In the wake of Justice Scalia’s death, the remaining eight Justices of the United States Supreme Court met in conference on February 29, 2016 to consider weather or not to review a case whose result disagreed with the 2008 Merrifield v. Lockyer OPINION.
Without comment, the Court denied an Institute for Justice petition for certiorari in which it sought to overturn the pro-protectionism decision reached in the economic liberty case of Sensational Smiles V. Mullen, (15-507). As a direct consequence of this action, the U.S. Supreme Court has allowed the anti-protectionism OPINION reached by the 9th Circuit to remain in effect as the “law of the land” in all of courts within the nine western states.
In the Merrifield case, which was joined by the CNWCOA in behalf of California’s private Wildlife Control Operators, the 9th U.S. Circuit decision stated:
“We conclude that mere economic protectionism for the sake of economic protectionism is irrational with respect to determining if a classification survives rational basis review”. and …”economic protectionism for its own sake, regardless of its relation to the common good, cannot be said to be in furtherance of a legitimate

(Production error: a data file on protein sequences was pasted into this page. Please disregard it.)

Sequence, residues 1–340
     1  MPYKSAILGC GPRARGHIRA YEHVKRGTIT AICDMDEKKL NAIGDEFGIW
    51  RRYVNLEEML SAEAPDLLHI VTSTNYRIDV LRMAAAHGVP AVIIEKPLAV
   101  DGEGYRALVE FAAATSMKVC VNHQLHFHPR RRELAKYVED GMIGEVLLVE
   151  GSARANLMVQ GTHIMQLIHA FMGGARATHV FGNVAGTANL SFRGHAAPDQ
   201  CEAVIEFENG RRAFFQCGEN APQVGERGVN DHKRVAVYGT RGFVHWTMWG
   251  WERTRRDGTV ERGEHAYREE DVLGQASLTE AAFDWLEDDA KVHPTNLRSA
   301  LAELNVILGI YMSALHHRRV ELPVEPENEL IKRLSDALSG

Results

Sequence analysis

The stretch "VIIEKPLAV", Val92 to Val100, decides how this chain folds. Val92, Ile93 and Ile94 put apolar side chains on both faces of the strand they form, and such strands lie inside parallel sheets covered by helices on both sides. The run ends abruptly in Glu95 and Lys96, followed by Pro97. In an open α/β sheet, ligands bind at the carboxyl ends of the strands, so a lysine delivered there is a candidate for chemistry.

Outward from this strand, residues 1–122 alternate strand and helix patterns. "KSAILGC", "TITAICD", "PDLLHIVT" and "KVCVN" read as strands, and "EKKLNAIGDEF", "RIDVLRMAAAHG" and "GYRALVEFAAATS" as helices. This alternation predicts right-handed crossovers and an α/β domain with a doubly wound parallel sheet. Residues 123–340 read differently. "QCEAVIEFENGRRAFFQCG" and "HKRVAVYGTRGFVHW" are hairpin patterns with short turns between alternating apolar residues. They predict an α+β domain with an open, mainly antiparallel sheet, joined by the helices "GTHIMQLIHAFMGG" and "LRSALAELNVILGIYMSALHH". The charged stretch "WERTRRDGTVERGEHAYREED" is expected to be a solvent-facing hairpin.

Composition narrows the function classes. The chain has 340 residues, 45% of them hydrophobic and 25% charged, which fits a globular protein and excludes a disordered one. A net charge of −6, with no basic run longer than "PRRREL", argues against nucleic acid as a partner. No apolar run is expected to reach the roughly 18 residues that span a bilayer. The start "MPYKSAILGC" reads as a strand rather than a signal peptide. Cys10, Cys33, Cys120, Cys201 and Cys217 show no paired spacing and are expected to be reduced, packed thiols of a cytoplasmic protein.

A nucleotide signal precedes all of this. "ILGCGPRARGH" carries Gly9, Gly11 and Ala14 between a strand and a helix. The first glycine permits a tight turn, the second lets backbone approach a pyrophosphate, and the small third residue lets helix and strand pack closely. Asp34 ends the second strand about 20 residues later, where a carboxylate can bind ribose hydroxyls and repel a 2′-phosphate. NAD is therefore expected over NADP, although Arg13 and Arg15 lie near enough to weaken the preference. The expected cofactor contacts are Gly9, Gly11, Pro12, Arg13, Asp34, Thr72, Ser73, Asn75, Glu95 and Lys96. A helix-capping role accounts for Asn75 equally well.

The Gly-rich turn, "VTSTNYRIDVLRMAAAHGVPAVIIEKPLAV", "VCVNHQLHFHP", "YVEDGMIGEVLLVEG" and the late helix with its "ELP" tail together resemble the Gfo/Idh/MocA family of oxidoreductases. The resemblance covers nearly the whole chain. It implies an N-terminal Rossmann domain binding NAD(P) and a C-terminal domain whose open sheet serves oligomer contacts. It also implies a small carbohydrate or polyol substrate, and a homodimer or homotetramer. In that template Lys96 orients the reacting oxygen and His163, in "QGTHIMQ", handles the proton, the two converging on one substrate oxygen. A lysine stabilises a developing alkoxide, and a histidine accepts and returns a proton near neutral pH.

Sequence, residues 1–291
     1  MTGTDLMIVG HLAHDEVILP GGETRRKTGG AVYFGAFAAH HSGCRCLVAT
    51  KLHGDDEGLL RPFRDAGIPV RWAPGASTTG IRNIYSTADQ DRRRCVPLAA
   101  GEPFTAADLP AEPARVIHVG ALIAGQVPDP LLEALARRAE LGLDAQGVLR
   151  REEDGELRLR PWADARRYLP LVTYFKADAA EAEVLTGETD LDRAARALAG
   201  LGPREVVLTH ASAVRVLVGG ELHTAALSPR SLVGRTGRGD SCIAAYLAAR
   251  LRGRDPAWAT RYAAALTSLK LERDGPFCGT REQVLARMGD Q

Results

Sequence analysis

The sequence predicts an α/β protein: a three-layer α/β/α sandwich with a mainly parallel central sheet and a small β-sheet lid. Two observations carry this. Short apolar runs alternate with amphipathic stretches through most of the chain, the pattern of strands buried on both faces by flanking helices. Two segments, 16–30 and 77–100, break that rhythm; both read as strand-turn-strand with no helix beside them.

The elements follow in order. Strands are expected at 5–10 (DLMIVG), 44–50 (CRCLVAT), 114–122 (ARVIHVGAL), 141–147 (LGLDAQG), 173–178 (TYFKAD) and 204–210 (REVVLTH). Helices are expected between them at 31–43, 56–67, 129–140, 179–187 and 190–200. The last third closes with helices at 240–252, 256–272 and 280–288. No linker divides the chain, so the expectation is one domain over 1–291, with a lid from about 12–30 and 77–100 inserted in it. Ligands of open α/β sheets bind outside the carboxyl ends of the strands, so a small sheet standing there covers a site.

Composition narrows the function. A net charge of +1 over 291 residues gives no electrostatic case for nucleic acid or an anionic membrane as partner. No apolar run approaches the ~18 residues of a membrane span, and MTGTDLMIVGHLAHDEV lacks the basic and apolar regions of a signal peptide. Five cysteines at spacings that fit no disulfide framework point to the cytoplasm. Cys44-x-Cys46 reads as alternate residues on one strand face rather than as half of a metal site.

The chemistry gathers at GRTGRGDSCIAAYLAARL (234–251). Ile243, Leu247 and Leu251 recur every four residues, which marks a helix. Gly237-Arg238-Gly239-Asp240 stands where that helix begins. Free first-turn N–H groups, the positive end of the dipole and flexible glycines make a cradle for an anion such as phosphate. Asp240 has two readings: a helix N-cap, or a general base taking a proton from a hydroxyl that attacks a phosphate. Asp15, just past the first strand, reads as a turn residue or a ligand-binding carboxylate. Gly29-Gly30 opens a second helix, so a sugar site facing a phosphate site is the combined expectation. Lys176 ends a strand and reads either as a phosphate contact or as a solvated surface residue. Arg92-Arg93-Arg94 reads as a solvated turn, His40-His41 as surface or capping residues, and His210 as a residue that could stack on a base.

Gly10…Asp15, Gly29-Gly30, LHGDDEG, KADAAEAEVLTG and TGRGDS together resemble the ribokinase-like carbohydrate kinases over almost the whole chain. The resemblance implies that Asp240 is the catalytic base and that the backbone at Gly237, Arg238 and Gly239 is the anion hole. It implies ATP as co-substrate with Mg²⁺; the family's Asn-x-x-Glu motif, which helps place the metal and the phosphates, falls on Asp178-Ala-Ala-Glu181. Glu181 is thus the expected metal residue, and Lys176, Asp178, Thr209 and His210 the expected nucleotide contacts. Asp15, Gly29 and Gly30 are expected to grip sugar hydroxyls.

Commenting on the court’s decision, Institute for Justice attorney Caleb Trotter stated:
“The 2nd Circuit’s decision enlarged the already existing circuit split on the question, and the Supreme Court’s denial of review only serves to continue the confusion among lower courts on the rational basis test’s application to cases involving challenges to economic regulations. So, for now, protections for entrepreneurs who lack clout in state legislatures largely depends on geography, and the need for clarity on the important question of whether the law exists to protect the general public or discreet interest groups remains.
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